For a number of years, I was interested in making something in response to Nori and Sandra Pope’s Hadspen Garden near Castle Cary in Somerset, which closed to the public in 2005.
Hadspen had been gardened by the Popes for nearly 20 years, with a strong use of colour, and plants from all over the world. The Popes built upon the plant breeding and propagating begun by Eric Smith. Plantswoman Penelope Hobhouse restored the garden at Hadspen after she moved there in 1968, and then went on to garden at Tintinhull. Hadspen was in the Hobhouse family for over two centuries until it was sold in June 2013.
I went to the garden many times while the Popes were at Hadspen. I had a strong feeling there. Something golden. That garden was inside my mind and my hands when I made my own gardens.
In 2005, the Popes retired and returned to Canada, and the garden was closed for a redesign project. I’d been away and found out on my return. There was sadness. I’ve drawn together some contexts and mapped an incomplete history of the garden here. The recent past of Hadspen is complex, contentious, opinionated – and fascinating in relation to what horticulture means to people.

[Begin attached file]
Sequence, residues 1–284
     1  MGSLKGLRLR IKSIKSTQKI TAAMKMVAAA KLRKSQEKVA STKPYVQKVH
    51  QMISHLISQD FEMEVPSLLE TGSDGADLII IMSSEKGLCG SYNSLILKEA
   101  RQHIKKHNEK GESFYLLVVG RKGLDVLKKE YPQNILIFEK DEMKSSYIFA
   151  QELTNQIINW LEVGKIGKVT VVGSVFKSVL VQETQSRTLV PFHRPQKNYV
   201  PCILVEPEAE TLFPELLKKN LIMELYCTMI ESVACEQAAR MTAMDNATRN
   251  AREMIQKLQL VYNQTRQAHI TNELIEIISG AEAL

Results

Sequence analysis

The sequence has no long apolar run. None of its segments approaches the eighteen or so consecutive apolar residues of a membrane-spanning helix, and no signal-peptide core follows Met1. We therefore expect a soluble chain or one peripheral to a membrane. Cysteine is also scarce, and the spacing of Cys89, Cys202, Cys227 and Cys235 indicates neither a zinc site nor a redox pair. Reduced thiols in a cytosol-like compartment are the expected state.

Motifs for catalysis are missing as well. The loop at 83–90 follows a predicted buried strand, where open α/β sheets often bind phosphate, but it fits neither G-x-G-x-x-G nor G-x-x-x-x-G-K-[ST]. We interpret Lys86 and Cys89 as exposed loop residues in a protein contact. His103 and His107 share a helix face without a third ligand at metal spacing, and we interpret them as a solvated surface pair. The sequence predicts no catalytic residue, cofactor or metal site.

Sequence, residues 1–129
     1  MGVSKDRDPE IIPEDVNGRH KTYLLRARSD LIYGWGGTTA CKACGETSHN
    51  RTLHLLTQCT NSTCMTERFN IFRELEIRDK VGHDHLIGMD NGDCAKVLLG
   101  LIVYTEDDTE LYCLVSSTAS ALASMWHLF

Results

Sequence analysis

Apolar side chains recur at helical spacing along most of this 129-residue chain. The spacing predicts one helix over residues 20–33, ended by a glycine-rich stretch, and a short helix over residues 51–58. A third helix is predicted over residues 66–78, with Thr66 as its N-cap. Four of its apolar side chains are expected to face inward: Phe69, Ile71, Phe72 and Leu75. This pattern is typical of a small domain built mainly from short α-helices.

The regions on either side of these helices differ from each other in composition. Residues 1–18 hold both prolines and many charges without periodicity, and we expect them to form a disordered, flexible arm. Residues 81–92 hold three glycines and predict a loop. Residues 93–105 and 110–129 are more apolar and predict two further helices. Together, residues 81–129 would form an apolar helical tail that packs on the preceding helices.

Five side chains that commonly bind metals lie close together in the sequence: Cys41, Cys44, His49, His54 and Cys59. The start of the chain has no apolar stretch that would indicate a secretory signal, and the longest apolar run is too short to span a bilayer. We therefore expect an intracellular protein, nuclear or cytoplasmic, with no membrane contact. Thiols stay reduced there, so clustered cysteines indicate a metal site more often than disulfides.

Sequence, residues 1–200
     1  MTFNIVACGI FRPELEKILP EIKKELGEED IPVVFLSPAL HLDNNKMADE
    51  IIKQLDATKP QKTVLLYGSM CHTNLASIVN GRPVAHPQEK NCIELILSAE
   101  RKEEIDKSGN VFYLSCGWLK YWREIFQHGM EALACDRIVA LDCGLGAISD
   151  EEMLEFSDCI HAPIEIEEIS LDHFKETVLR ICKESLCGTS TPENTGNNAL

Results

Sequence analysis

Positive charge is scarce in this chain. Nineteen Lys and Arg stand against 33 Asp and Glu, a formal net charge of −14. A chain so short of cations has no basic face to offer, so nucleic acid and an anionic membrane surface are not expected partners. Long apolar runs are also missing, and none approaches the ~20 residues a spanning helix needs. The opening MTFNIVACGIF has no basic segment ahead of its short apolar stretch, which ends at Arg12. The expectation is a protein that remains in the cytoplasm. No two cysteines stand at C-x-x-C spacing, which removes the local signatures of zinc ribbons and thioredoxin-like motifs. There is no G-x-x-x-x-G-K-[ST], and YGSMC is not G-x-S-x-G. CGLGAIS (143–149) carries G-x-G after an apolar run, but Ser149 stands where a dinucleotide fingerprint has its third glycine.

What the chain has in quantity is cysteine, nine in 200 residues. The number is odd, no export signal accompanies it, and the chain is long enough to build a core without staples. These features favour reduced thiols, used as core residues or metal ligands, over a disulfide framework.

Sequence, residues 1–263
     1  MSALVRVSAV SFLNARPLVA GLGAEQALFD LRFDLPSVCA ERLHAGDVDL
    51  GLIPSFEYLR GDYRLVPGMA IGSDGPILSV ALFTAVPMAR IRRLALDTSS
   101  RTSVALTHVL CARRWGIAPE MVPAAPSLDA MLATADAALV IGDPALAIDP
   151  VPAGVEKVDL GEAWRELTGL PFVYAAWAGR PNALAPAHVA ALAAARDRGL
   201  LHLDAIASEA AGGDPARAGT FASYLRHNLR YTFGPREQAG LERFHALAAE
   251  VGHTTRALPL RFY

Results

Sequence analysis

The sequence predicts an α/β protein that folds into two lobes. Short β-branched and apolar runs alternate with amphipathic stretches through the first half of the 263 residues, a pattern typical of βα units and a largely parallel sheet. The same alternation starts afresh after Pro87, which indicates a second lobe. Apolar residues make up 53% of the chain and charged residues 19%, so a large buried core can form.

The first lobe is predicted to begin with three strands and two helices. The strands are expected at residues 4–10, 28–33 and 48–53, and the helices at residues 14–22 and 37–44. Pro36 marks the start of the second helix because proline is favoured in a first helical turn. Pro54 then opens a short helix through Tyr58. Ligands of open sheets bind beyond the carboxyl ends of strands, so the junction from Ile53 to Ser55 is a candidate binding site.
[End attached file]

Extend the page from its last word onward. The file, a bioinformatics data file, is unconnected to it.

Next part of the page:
I had many plants from Hadspen. I divided plants for my friends, for other gardens, and grew new generations from seed, like Cerinthe (Honeywort). I had all the plant labels in the ground. Hadspen produced many of its own cultivars including Astrantia ‘Hadspen Blood’ and Dicentra spectabilis ‘Goldheart’.
In 2013 I was invited to be part of the Abundance Garden Trail for Somerset Art Weeks Festival. I wanted to make something about Hadspen, as a garden that still resonates yet is unvisitable. The garden remains in memory, photograph, trace, writing and publication, and perhaps most significantly, through the plants and cultivars that gardeners from Somerset (and from much further afield) acquired from Hadspen to plant in their own gardens. In March 2013, I distributed a ‘call out’ to gardeners who still had ‘Hadspen’ plants, to see how the garden had dispersed and seeded, where Hadspen still grew in people and through fingers. These responses accumulated into the printwork accompanying the video.
‘Flowers, where is the garden’ – a screen based and print work, commissioned by Somerset Art Works in partnership with the National Garden Scheme, exhibited at Tintinhull Manor Gardens – September 21st – October 6th 2013.
Go here to read the Abundance blog, with information about the other artists, the gardens and the making processes.
Writing on making maps the process of making the project ‘Flowers, where is the garden’ which has 2 pieces of work:
A print work: download the PDF (A3)
A moving image work: please select full screen, 720 HD.